5 Mythological Facts You Need To Know About Endometriosis

The endometrium is a tissue and the blood that a woman normally sheds from her uterus monthly during her periods. But many women experience a condition where the tissue starts to grow outside the uterus and causes an inflammatory reaction resulting in scar tissues. This condition is called endometriosis and is a common issue seen among Australian women. More than 11% of them or 830,000 of the Australian female population suffer from the symptoms, often as early as their teenage years. 

Although it is a known health issue, the causes and symptoms of endometriosis are elusive. As it involves multiple causal factors and symptoms, the diagnosis is challenging. It has led to numerous myths and misconceptions developing around it, causing harm to the female and the medical community as it may keep women from seeking help. This article takes a closer look at some of the myths surrounding the condition.

Myth: The Symptom of Heavy Flow is Just the Woman Having a Heavy Period

Women with issues regarding their endometrium experience symptoms of heavy flow, irregular bleeding and pain. They consider this to be a regular part of their menstruation. Or when they do seek help, their family or physicians may dismiss them for the same. But one must pay attention to these symptoms and get them checked as this pain could be occurring due to the endometrium-like tissue being outside the uterus, experiencing inflammation. Unlike the tissue-lined inside the uterus, the blood from the external tissue has nowhere to go, causing inflammation, irritation and scarring around the area, which can be painful.

Myth 2: The Symptoms Fade After Menopause

Although this condition usually occurs during menstruation, some women experience the symptoms well after completing their monthly cycles. One must note that, even when a woman undergoes menopause, the ovaries produce a small amount of estrogen, causing the endometrium to respond to the hormone and cause pain. Some women, therefore, opt to have surgeons surgically remove their endometrial implants. They even have a hysterectomy, oophorectomy or hormonal therapy to resolve the issues. But these do not guarantee the alleviation of pain.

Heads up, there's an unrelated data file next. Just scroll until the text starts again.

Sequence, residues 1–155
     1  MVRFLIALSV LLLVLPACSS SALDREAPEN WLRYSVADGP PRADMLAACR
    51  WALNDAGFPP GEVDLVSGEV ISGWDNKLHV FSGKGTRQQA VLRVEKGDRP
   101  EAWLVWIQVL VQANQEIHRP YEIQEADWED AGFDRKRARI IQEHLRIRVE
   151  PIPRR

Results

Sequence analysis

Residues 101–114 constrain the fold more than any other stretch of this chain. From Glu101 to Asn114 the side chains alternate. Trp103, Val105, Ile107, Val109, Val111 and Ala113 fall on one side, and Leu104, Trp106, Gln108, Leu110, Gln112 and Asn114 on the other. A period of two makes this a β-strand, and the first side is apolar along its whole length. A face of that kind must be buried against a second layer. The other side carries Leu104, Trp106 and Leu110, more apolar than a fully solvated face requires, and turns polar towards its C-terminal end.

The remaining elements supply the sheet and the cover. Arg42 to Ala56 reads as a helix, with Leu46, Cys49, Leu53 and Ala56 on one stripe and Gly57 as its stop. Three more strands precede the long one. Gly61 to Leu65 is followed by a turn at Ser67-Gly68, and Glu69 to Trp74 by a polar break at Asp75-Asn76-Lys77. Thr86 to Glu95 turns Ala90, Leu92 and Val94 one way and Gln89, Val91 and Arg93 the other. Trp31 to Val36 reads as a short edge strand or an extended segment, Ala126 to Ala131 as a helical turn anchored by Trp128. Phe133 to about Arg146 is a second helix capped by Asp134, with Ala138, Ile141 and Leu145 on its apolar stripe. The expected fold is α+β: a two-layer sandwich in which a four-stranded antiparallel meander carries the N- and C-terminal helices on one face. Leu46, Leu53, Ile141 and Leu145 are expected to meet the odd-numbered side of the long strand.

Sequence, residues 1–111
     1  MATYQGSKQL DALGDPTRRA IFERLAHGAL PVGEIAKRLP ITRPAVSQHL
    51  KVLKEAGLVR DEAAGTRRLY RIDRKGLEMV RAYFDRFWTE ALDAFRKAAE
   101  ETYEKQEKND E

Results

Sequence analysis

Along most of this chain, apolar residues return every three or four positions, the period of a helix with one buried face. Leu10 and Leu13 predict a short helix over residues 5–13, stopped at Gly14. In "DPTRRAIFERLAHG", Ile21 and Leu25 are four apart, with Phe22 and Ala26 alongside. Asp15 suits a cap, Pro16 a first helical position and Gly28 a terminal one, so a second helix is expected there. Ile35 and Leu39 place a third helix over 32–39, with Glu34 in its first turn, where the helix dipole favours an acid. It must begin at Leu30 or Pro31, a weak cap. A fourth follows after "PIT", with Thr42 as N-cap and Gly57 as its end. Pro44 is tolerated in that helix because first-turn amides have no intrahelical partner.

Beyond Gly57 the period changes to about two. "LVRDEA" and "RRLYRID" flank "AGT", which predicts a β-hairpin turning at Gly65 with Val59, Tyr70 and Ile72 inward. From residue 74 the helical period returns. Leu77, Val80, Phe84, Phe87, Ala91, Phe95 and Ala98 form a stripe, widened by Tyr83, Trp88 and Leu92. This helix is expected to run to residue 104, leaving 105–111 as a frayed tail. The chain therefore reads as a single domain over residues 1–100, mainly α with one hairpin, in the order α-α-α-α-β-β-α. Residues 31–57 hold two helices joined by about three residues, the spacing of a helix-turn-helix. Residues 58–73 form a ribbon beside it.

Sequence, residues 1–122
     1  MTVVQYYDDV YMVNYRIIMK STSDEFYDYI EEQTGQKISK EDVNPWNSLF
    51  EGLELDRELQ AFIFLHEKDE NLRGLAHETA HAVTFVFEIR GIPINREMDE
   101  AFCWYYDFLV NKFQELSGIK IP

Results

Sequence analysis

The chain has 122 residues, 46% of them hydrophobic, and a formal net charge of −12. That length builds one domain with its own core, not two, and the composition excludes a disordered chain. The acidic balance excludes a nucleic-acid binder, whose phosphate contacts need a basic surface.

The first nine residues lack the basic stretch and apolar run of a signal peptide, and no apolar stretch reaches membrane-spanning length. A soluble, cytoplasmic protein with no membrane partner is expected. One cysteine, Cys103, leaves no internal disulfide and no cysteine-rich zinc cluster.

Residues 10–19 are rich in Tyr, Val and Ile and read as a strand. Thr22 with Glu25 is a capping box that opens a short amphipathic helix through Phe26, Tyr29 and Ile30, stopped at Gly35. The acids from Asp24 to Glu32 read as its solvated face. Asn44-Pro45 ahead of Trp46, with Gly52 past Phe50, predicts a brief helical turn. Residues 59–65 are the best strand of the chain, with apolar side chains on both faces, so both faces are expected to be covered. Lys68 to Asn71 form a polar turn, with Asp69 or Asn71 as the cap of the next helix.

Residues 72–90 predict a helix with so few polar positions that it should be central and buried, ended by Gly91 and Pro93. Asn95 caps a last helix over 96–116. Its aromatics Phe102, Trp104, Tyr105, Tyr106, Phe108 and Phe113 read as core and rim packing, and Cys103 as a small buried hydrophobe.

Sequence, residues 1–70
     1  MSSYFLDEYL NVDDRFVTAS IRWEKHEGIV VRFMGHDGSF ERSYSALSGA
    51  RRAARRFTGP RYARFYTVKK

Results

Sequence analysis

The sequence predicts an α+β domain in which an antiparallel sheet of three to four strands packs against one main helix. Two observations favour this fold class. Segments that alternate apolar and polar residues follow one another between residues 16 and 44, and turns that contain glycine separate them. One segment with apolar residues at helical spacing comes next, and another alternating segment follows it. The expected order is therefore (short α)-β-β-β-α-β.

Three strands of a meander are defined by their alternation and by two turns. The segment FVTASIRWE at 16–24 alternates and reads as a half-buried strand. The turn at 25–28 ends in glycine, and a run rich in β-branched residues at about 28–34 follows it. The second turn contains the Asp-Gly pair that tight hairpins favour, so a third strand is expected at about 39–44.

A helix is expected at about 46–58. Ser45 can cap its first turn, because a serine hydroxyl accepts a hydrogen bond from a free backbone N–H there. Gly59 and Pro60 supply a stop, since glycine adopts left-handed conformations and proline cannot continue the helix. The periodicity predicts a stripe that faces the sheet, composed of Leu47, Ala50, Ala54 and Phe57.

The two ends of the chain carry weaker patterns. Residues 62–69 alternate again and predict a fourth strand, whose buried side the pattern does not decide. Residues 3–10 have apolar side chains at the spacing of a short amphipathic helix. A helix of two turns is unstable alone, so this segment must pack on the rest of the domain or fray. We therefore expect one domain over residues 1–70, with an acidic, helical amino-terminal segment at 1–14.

Myth 3: The Condition Does Not Affect Pregnancy

About 50% of the women experiencing infertility have symptoms of the condition. But there are treatments available that can help women get pregnant. Up to 80% of women with mild symptoms have good chances of getting pregnant with minimal issues. Also, some women report the decrease of pain and symptoms after pregnancy due to the hormones and the drug treatments temporarily affecting it. There are high chances that they may start experiencing the symptoms again post-childbirth.

Myth 4: It Does Not Affect Young Women and Teenage Girls

A study conducted by the Global Study of Women’s Health showed that two-thirds of the women who reported the symptoms were under 30. But, many women and physicians believe that the condition is rare among girls and young women. Hence, they do not recommend tests for the same when they report heavy flow, pelvic pain, period pain and painful intercourse resulting in delayed diagnosis and treatment.

Myth 5: It is a Preventable Condition

As there is no clear known cause for endometriosis, the medical community does not have solutions for preventing it. Women can take steps to lower the estrogen level and reduce the risk, as the hormone can magnify the symptoms, but it is not definitive. Getting regular exercise and losing weight are also other ways of keeping the estrogen under check.

Those experiencing painful periods, long-lasting pain in the pelvis and lower back must consult their healthcare providers for a reliable diagnosis.



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